It’s time to tell my story. I was actually supposed to do this years ago when I went through the Celebrate Recovery program at my church. At that time it was for myself, but I wasn’t ready to commit it to paper. Now I feel it’s time to not only write these words for myself, but to share them with others. You’ll have to excuse any sarcasm and television references. My hope is that someone might learn something that helps them not do a lot of the dumb stuff I did. So much pain in our lives is caused by our own choices. How we react to the things we are faced with is even our own choice. I have chosen poorly more times than I care to remember. Which brings me to my chosen title: scabs and scars. Which is really a terrible title.
Scabs are gross and if you mess with them too much, you have to start the healing process again, and scars can form. I have seen kids in the classes I substitute teach pick scabs off so they could go to the nurse. Why? Why do they do this? In their case it’s because they want to avoid another worksheet. If you don’t want a wound to scar, you need to do two things; keep the scar well moisturized and leave it alone. I have scars all over the place. I have trouble with leaving things alone. This is not only true of our external skin, but our souls as well. As often as I sing, “It Is Well With My Soul,” which is the absolute truth of it, if you had the ability to see a picture of my soul, you would see the scars, and it would not look well. This thought came to me as a I watched Arrow the other night. Yes, I watch Arrow. And The Flash. I do have enough self-respect to avoid the ridiculousness that is Super Girl. And no, I don’t watch Arrow just for Stephen Amell‘s abs, although he does spend a good portion of each episode shirtless. Back to the scars. The character of the Green Arrow is covered in scars from bullet wounds, knife fights, torture, and generally abusing his body to save Star City, and it almost hurts to look at all of them. I’m flying my nerd flag high in this post. The point is when we pick at scabs and don’t allow God to work on them in His timing, we cause the scarring to be worse.
I have very few childhood memories. The earliest memory I have is playing school with my stuffed animals in the front room of my grandparents house. My Nan (what we called my grandmother) would let me use one of the rooster mugs to pretend I was drinking coffee, because my five-year-old self believed all teachers drank coffee. Truth! I tried to find a pic of those mugs, but there aren’t any on the internet. They must be worth something, or just so ugly no one cares! That’s the only memory I really have. My other memories are sketchy, even up through my high school years. I’m told it’s because of post traumatic stress disorder (PTSD). A few years after that memory some bad stuff happened to me, and my brain decided it was less painful to remember anything; good or bad. I don’t think childhood molestation was any less prevalent in the early 80’s than it is now, I just think it wasn’t talked about as much back then, and certainly not exposed in the media like it is today. I’ve had years of prayer, Bible study, and therapy that make it possible for me to discuss this and honestly have no anxiety, fear, or shame over that situation anymore; however, it’s something that I allowed to define me and be used as the lens through which I made decisions for far too long.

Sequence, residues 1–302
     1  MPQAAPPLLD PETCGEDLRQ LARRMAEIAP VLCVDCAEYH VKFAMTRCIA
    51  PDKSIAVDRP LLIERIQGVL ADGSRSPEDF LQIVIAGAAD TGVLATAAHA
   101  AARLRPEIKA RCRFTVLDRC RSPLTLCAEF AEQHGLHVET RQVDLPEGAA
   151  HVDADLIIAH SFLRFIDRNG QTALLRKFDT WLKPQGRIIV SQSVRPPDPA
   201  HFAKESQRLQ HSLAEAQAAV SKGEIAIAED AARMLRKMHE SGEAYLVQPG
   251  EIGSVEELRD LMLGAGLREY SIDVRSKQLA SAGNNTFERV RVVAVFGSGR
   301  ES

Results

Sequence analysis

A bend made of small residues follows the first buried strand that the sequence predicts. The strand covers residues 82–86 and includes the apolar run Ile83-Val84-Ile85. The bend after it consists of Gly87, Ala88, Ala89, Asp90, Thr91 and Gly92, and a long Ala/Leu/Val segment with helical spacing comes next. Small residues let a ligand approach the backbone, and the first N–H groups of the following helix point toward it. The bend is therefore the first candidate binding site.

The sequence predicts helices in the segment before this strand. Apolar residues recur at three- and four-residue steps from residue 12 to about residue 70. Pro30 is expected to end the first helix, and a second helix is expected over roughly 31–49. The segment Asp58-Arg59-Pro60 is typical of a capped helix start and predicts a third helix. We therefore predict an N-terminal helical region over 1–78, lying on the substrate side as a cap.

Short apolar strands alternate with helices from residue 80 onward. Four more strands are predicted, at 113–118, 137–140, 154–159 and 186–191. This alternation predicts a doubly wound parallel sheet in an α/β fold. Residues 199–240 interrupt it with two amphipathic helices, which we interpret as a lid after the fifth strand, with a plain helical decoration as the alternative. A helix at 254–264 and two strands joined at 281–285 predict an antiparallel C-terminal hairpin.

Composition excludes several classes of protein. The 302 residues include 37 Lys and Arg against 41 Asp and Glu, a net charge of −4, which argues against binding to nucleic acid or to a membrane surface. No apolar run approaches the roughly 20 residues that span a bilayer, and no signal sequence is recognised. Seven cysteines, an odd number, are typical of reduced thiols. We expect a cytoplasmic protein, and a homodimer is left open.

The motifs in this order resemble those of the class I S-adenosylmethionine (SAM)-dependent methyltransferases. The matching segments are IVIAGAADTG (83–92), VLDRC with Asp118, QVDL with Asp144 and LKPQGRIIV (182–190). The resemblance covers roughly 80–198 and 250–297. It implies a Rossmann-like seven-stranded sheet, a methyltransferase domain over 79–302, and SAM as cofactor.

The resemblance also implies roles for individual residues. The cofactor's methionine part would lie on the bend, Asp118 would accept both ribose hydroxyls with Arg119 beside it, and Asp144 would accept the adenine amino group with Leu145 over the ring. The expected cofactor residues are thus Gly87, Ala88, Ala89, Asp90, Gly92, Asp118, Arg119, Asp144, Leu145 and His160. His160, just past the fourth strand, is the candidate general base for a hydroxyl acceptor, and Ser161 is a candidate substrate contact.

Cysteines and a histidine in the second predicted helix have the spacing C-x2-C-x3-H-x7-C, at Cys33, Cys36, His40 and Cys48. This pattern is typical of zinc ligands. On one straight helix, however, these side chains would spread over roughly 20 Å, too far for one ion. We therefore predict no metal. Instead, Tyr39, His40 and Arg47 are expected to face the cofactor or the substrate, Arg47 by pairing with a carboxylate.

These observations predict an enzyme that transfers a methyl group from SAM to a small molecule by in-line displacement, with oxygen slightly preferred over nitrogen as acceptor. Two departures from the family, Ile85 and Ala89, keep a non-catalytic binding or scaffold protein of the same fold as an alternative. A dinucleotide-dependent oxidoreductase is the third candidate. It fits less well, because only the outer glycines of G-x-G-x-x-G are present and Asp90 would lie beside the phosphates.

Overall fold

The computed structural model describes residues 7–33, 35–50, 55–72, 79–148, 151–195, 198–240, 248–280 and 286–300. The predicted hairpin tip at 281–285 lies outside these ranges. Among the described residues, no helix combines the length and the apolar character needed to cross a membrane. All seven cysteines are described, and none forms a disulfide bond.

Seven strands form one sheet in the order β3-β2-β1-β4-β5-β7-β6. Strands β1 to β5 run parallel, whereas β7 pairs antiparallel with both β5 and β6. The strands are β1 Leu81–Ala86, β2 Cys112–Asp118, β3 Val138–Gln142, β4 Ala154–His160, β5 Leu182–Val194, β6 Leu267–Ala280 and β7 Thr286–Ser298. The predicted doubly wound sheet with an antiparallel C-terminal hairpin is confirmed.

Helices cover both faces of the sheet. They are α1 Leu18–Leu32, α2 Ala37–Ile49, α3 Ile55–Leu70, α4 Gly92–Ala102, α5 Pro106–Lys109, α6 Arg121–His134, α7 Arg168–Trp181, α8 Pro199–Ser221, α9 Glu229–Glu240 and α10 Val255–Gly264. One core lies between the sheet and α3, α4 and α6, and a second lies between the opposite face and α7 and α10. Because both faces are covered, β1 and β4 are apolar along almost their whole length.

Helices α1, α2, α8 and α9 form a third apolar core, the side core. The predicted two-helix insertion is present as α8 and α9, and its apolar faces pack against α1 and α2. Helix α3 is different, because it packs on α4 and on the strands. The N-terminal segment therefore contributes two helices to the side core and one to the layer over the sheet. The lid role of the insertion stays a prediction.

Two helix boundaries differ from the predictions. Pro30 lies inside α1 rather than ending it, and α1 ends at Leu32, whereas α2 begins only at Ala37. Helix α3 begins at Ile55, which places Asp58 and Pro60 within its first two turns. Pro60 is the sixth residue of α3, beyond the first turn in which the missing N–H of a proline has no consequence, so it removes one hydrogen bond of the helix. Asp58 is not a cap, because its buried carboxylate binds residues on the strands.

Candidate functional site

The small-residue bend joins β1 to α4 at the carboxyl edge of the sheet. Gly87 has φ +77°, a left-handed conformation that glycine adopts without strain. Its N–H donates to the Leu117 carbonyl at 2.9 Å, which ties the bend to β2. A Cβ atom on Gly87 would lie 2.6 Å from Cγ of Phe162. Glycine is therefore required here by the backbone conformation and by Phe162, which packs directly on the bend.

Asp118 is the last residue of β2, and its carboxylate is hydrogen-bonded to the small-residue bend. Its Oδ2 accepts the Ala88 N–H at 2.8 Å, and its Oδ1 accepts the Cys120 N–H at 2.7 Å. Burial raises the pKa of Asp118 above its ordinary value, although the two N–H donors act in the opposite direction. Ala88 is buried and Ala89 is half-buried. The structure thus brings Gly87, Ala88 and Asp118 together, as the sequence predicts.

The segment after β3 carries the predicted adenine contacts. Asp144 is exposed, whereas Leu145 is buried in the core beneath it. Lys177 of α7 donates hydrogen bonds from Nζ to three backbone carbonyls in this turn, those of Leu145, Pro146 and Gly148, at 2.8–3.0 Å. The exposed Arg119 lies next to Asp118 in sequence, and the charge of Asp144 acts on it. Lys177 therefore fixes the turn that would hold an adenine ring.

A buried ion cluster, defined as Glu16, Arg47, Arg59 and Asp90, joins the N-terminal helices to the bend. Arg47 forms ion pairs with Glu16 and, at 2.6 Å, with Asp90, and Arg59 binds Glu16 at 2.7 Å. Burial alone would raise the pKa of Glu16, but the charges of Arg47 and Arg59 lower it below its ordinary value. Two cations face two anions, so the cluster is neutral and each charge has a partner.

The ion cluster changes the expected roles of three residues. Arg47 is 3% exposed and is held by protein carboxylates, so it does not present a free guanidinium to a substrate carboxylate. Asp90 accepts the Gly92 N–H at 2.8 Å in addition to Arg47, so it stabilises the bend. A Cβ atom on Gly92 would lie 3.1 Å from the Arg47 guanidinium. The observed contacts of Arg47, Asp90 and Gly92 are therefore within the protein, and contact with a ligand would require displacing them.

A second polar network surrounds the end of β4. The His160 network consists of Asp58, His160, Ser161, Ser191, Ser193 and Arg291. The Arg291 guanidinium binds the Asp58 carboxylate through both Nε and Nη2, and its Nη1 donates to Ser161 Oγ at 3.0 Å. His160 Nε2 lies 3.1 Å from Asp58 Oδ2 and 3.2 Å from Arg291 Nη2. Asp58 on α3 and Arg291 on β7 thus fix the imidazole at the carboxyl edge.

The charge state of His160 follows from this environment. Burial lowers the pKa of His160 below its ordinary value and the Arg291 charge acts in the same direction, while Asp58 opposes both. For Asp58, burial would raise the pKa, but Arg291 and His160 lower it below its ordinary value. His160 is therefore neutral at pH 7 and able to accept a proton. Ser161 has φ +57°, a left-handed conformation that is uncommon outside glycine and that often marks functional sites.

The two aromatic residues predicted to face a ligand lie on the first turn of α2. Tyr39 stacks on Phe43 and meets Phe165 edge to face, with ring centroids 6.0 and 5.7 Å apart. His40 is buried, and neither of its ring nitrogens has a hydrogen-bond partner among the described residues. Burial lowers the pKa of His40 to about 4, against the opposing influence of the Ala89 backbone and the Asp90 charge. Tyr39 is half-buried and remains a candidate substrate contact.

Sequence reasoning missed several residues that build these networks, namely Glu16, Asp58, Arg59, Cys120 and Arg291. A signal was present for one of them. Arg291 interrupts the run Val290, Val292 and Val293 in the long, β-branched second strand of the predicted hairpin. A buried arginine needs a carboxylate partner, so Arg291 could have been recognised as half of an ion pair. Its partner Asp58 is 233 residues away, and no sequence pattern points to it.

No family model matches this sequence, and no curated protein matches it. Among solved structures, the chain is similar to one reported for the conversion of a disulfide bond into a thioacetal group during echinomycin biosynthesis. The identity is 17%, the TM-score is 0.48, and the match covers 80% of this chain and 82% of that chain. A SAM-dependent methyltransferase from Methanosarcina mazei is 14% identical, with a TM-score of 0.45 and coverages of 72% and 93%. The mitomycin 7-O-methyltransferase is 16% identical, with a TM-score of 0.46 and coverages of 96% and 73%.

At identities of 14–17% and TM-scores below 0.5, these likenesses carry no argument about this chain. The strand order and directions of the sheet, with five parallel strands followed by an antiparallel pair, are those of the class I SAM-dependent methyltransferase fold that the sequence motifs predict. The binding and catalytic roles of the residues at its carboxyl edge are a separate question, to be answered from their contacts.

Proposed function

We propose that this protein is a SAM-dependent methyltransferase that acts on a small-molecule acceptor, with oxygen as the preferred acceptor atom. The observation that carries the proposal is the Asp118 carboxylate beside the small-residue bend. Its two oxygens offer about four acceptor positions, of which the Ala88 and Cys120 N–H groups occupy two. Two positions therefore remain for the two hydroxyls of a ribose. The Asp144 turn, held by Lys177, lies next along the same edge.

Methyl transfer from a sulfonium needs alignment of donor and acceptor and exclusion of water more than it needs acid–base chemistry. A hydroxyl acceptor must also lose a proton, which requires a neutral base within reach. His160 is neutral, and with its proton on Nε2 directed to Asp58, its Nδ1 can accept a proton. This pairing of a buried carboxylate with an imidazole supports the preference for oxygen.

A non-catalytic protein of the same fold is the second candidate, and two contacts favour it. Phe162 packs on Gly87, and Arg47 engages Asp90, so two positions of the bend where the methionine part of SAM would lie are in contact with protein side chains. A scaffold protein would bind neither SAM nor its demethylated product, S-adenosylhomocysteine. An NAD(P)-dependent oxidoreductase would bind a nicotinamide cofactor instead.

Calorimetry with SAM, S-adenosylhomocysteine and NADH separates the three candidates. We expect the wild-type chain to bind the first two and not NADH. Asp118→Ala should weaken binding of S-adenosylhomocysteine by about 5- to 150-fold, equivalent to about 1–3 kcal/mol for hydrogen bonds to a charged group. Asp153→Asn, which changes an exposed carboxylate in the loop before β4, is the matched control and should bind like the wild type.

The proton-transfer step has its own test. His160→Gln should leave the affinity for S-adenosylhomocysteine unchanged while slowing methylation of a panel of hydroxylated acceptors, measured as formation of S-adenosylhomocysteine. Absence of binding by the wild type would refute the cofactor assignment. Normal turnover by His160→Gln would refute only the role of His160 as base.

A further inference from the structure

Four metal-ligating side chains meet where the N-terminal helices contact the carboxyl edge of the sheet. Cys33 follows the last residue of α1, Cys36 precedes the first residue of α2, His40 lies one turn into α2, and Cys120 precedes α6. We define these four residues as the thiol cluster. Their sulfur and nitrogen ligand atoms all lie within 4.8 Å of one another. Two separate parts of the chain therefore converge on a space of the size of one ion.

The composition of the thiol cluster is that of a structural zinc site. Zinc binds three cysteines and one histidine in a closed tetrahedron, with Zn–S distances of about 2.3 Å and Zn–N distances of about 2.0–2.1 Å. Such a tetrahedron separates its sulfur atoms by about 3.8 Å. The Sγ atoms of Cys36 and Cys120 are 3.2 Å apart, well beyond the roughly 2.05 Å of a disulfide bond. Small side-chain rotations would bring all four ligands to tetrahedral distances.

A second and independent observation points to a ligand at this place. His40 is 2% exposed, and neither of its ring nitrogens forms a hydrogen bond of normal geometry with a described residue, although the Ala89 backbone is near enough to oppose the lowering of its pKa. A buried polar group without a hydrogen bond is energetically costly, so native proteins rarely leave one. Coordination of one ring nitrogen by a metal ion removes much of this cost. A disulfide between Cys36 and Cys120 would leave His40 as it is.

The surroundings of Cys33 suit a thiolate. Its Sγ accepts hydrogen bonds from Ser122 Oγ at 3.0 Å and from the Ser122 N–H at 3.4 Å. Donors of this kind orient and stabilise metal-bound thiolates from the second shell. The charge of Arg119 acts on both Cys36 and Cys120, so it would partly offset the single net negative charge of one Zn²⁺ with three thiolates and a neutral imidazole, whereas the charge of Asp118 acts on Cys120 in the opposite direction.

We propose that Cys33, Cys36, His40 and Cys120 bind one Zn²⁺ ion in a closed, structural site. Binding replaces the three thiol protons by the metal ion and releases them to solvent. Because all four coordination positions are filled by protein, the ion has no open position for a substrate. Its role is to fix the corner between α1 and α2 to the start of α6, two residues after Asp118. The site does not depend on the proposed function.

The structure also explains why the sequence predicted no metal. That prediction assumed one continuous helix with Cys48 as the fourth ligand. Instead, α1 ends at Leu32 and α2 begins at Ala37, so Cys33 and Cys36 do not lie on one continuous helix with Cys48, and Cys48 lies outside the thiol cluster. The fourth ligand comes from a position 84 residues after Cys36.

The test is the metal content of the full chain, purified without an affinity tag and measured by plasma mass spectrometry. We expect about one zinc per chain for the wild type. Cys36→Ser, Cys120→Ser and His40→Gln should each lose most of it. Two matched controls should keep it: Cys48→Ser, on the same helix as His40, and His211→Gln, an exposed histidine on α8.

My story is not at all unique and when you get to deep, heart level sharing with people, you find many of them have some sort of trauma in their past; physical, sexual, mental, or emotional abuse. The point: we are not alone in this struggle. I am not alone. As I said, by the grace of God and a specific type of psychotherapy, I’ve moved past that. The memories haven’t returned, but I’m no longer haunted by the fact that I can’t remember. Recently I’ve been working through how my childhood experiences have affected, and still do, affect me. Just because you move past something it doesn’t mean the ripples are not felt from time to time. I did get an A in Into to Psychology. That course was at least good for something. Algebra, however, is not.
My recent realization that many of the choices I made in the past have hurt others, thanks to this season of Arrow for helping to push that point home, is what I’m working through now. At times I would blame God, “How could He let that happen?” I blamed my parents, “Why were they not protecting me?” As we all know, in the blame game no one wins. All it did was put a relational wedge, of my own making, between my parents and I, and worse still, made me keep my Father God at arms length. Back to the whole scabs and scars thing; it occurred to me the other day that what used to be a scab I constantly picked at and re-opened, has now become a scar. The healing part is done. That knowledge has given me the clarity to look around and see that I have caused pain to those I love most as I lived all those years making decisions out of fear and my own pain. I’m trying to make amends, to work on other areas that need attention. My prayer is, “Moisturize me, Lord!” That was a total Doctor Who reference, right there! Ephesians talks about how God gave Himself up for the church and cleanses her by the washing of water with the word. That’s Bible talk for Jesus dying to offer us the chance to get clean from the sin we all have. When I invite Him to wash my wounded soul and cover up my wounds, as Psalm 147 says, then healing can take place. Without Christ there is no healing. There just isn’t. Jesus bears scars on His body because of me and my sin. The very least I can do is tell others what He did on my behalf, and that He did it for them as well.
These words got away from me and this first installment feels way heavier than I wanted it to, but there it is. I’m going to keep writing throughout the summer, now that math is no longer on the table. Thanks be to God!